When we are talking about weed in the context of aquaculture, we usually refer to seaweed. In this case, we are talking about hemp, which belongs to the family of cannabis plants that have many colloquial terms, including “weed”. And cannabis plants typically contain cannabidiol (CBD) which is frequently used in many over-the-counter (OTCs) preparations these days to self-medicate syndromes like the irritable bowel syndrome. The more interesting substance of cannabis is THC, Δ9-tetrahydrocannabinol, which is the psychoactive ingredient that leads to the release of dopamine in the body. This gives you a euphoric, relaxed feeling. And there are currently debates in Europe to legalise the use of cannabis. Luxembourg already legalised growth and use for personal use last year.
But what does that have to do with aquafeed? Many companies have started to grow hemp in view of the potential legalisation of cannabis use across Europe, as well as for various industrial uses. One of these companies is Rare Earth Global, headquartered in London. The company sells hemp seed as a replacement for soy in aquafeed. Different to soy, hemp seed contains only very low levels of anti-nutritional factors and is well known for its excellent digestibility. The project was co-funded by UK Seafood Innovation Fund with the goal to grow sustainable industrial hemp as an ingredient in salmon feed.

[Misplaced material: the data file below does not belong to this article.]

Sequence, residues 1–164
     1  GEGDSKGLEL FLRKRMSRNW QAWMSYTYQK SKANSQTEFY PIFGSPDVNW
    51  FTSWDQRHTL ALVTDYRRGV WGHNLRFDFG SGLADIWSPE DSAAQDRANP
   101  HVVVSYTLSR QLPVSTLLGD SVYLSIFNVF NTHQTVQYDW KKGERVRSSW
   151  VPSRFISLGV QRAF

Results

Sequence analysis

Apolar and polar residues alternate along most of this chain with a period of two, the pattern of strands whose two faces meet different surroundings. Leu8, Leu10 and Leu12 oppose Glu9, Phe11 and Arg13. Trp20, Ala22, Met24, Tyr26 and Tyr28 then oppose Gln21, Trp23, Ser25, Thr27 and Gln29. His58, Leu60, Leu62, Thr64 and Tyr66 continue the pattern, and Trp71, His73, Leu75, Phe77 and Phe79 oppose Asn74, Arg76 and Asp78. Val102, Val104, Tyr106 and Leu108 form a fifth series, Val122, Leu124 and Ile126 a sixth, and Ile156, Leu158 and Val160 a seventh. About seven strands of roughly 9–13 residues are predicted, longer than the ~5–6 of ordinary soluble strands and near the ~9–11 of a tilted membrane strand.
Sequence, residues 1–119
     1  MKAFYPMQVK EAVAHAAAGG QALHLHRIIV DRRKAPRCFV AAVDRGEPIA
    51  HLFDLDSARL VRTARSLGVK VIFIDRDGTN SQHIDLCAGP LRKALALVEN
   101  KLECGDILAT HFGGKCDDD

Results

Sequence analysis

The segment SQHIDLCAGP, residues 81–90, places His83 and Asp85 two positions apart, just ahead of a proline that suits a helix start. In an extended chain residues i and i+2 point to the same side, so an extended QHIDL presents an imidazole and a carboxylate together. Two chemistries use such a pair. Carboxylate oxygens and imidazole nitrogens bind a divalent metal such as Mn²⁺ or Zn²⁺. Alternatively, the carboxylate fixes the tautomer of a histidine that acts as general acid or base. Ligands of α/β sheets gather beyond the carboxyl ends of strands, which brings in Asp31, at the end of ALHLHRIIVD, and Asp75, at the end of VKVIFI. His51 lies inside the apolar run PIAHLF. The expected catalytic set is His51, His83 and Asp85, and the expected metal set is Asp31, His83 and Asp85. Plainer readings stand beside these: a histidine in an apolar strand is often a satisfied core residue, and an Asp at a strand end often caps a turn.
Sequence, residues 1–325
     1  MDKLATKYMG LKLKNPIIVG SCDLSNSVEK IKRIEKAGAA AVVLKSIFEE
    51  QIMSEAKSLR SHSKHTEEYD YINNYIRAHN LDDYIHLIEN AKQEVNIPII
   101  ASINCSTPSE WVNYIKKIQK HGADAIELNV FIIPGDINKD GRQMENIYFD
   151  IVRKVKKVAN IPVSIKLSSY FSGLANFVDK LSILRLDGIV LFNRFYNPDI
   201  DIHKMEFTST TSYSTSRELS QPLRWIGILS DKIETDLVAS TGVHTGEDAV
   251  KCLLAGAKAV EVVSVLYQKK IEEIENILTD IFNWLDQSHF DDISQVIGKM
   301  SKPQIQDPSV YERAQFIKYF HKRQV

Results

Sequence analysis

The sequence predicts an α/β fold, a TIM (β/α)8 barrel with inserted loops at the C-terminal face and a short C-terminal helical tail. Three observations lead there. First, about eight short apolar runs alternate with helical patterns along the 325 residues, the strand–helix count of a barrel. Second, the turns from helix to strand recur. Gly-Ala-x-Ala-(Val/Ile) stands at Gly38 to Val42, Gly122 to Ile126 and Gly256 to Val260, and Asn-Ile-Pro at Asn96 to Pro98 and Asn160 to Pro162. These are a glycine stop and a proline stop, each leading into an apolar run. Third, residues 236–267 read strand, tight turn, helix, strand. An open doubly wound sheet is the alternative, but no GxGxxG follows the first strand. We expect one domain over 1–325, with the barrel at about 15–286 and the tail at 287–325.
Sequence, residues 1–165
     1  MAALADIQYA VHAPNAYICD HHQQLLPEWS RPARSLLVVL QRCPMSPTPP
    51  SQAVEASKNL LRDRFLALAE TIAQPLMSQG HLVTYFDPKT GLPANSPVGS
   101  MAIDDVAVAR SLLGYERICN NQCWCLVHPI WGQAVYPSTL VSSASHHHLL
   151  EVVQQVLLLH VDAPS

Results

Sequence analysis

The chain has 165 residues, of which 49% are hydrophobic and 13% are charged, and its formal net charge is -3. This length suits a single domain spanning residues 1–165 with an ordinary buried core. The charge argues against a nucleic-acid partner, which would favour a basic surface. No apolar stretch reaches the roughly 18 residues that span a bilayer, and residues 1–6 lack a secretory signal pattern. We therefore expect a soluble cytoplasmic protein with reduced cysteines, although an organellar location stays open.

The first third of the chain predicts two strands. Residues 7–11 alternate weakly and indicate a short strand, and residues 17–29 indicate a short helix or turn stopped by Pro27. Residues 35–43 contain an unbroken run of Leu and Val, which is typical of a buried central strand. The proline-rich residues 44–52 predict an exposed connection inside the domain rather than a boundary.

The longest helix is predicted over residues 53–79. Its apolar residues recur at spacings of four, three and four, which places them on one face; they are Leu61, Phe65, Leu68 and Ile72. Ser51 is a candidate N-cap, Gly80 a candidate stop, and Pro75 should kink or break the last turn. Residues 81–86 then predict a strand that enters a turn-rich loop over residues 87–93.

So if we look at the range of sustainable aquafeed ingredients over the last months, we have seen seeds from the drumstick tree and the humble ragworm, as well as the use of protein hydrolysates of poultry by-products, and the Norwegian Agency for Development Cooperation funded project for low-cost aquafeed. This area is clearly driven by the various innovations.
To continue to drive innovation in this sector it takes specific skills and an understanding of the needs of the industry. This is where the EIT Food funded AGAPE project can contribute by matching jobs and skills, and recommend upskilling and reskilling where necessary.